Step aside, Bordeaux and Burgundy — there’s another bold “B” on the block that’s just as big and bad as you are. We’re saying au revoir to our French bottles and benvenuto to the Wine of Kings, Barolo. Equally noteworthy and just as delicious, Barolo is considered the cream of the crop when it comes to Italian reds – and though you may not be familiar with it, fear not! We’re here to break down the biggest, baddest red of Piedmont for you with this simple Barolo 101 guide:
What Is It?
Barolo is a red wine produced in the Piedmont region of Italy. The wines are made from Nebbiolo, a small, thin skinned red grape varietal generally high in acid and tannins. In Piedmont, Nebbiolo is one of the first varietals to undergo budbreak and last to be picked, with harvest generally taking place in late October. Barolo wines must be solely composed of Nebbiolo, no exceptions.
Fontanafredda winemaker Danilo Drocco compares Barolo to “a lovely person who needs to be discovered little by little. Every time you open a bottle of Barolo, it gives off unique emotions and sensations.”
The wines are rich and full-bodied, with a strong presence of acidity and tannins. Barolos are often compared to the great Pinot Noirs of Burgundy, due to their light brick-garnet pigments and bright acidity – plus the region it’s made has a lot that is aesthetically common to Burgundy too, but we’ll get to that later. Rose flower, tar, and dried herbs are aromas frequently associated with Barolo wines. According to DOCG regulations, the wines must be aged for at least two years in oak and one year in bottle, with five years of age (three in oak) required for Riserva labeling, both with a minimum 13 percent alcohol content.
One of the most historic Barolo producers is Fontanafredda, and their winemaker, Danilo Drocco, compares Barolo to “a lovely person who needs to be discovered little by little. Every time you open a bottle of Barolo, it gives off unique emotions and sensations.”
Where Is It?
Barolo is located in the northwestern portion of Piedmont called Langhe, about seven miles southwest of Alba. There are 11 communes that make up the wine producing region of Barolo, including the five most prominent ones: Barolo, La Morra, Castiglione Falletto, Serralunga d’Alba, and Monforte d’Alba.
To break it down, Langhe can be divided into two areas, the Serralunga Valley where the Fontanafredda estate is located, which encompasses the eastern communes of Castiglione Falletto, Monforte d’Alba, and Serralunga d’Alba, and the Central Valley, which covers Barolo and La Morra. The greatest difference between these two divisions is the soil; while the Serralunga Valley has soils high in sand and limestone, the latter tends to be higher in clay. The sandy soils of Serralunga produce more intense wines that demand a longer ageing period than the Central Valley Barolos, which are known for softer, fruitier expressions of the region. The commune of La Morra produces the most wine of the five communes.
How’s It Made?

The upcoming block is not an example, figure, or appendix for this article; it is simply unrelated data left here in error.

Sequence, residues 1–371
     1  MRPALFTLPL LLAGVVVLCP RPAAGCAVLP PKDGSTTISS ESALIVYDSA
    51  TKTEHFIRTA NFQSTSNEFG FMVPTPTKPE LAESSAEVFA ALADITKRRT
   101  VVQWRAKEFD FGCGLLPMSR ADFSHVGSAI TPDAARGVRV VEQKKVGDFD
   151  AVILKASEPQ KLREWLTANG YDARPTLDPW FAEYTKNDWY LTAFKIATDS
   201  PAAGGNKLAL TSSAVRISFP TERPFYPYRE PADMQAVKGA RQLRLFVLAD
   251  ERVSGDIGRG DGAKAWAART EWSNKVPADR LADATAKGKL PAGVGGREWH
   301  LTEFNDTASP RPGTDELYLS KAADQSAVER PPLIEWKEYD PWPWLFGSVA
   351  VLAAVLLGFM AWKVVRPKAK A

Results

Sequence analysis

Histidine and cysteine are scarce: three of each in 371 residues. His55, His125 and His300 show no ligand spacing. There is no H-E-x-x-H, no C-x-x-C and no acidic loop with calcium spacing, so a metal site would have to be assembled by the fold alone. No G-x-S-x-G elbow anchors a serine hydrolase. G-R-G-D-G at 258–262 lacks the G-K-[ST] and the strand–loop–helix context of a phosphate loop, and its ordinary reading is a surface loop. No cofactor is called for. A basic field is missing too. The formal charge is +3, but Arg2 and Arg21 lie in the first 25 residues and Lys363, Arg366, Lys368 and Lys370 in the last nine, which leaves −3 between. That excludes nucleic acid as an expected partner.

The Barolo DOCG (Denominazione di Origine Controllata e Garantita) is the highest classification for Italian wines and denotes specific production methods and a quality guarantee. Wines from the Barolo DOCG must be 100% Nebbiolo and aged at least 38 months, 18 of those in wood barrels. The term “Riserva” can be used on the label when the wine has been cellared for at least five years.
When Should I Drink It?
Despite its grandiose title as the King of Wine, Barolo doesn’t have be set aside for special occasions – though it is one of the most age-worthy wines available. It’s one of the only wines around that given its price is both collectible and drinkable daily. The firm, luscious reds of Barolo are perfect for spring and summer barbecues, mushroom risottos in the fall, or hearty steak dinners in the winter. Their versatile flavor profiles, with considerably concentrated flavors of tar and rose, are perfect with dried meats and hard cheeses (hello, charcuterie platter!) and especially with truffles.
“Don’t be intimidated by Barolo’s prestige, you don’t need a special occasion to enjoy it,” says Drocco. “You can share it with your family or friends at home or during a party. Don’t let somebody else drink your Barolo!”
Why Should I Drink It?
The wines of Barolo are structured and firm, refined and classy, elegant and elite- though not always necessarily a bank breaker. While some of the higher end riservas and prestige cuvees can cost a pretty penny, wines from Barolo can actually be quite affordable. Discovering all that Barolo has to offer is not only a change-up from your ordinary weeknight red, but a headfirst dive into the culture of Piedmont, a journey into the terroir of the foggy northwest. Rather than your usual picks from La Belle France, consider a sultry Barolo for your next housewarming gift, special occasion, holiday dinner, or casual wine and cheese night.
This article is brought to you by Barolo Week, sponsored by Fontanafredda, an iconic Barolo producer founded by the first king of Italy.